Coincidentally, Kilgour introduced Henry and Hoang to Friendship in Action and they have all taken part in its program in some way. Henry, for example, observed one of their clinical group meetings.

“I think I can learn so much from Vivian and Shanelle – through their studies, through their interests, through their insights,” said Kilgour, who joined the mentorship program in 2019.

Henry, a fourth-year doctoral candidate in school and clinical child psychology, was excited to learn of Kilgour’s experiences. “I’ve learned a lot about how we can use the education landscape as a way to facilitate mental health and social emotional learning,” she said.

With the end of her formal education nearing, Henry has been building expertise. She has been working in clinical research, but has completed school psychology placements within the TDSB. She certainly has a deep interest in education, as well.

Shanelle Henry is studying school and clinical child psychology. Her mentor Cam Kilgour, a retired teacher, gives her insights on child development in the classroom through the OISE Mentorship Program.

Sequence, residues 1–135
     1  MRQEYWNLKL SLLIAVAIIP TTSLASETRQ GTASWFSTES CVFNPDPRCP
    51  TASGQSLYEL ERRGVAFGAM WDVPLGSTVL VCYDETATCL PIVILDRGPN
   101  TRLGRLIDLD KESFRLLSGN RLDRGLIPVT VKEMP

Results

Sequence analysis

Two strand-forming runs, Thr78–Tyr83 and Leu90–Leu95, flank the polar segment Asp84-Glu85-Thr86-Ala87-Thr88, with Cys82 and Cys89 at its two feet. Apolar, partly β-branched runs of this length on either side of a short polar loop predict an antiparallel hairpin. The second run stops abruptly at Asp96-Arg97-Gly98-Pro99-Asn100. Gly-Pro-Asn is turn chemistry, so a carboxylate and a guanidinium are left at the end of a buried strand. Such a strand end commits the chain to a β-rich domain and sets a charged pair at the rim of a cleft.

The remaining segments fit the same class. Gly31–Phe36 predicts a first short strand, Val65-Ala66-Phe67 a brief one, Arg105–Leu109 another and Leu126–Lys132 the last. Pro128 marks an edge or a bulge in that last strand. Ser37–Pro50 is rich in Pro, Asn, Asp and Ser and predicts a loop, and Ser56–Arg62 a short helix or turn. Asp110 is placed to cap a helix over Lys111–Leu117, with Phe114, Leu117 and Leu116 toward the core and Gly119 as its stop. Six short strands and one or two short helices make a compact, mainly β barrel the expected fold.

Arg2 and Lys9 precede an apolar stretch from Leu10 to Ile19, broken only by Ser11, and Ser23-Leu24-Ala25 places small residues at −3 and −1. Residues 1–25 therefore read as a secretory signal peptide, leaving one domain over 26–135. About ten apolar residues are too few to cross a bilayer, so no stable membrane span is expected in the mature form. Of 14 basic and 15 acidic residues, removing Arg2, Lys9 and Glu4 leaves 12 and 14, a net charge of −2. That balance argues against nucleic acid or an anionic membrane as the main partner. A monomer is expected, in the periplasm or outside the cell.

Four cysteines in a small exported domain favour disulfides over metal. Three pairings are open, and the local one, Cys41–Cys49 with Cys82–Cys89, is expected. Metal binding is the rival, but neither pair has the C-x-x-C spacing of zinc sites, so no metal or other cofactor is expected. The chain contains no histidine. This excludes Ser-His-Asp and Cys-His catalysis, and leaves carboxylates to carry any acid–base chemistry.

“I’ve been interested in the education field and how we can support children's mental health in education,” says Henry, who is also a psychometrist for the Centre for Addiction and Mental Health. “What’s nice about OISE is that the alumni have so many capacities. And when I heard about the mentorship program, I was just interested in maybe meeting an alumni and seeing where the alumni are going forth and working.”

Kilgour has been a fantastic mentor for Henry. Above all, she says that he has been open – with his advice, time, resources. She recalls that he introduced her to another mentee of his, a doctoral student involved with Friendship in Action, that has really added value to her time there. “He's quite flexible with his time – even throughout the pandemic,” she said.

“It’s also quite nice having a second student. Vivian comes more from the education side of things and it’s been nice to also get her perspective and meet as a group.”

Hoang, a second-year masters student in the department of curriculum, teaching and learning, praises Kilgour’s tutelage and Shanelle’s perspective in the early years of her professional development. “It feels like I have a friend I can always go to in terms of asking about education relevant in Toronto, because I'm still not very familiar with it,” says Hoang, a native of Calgary, Alta.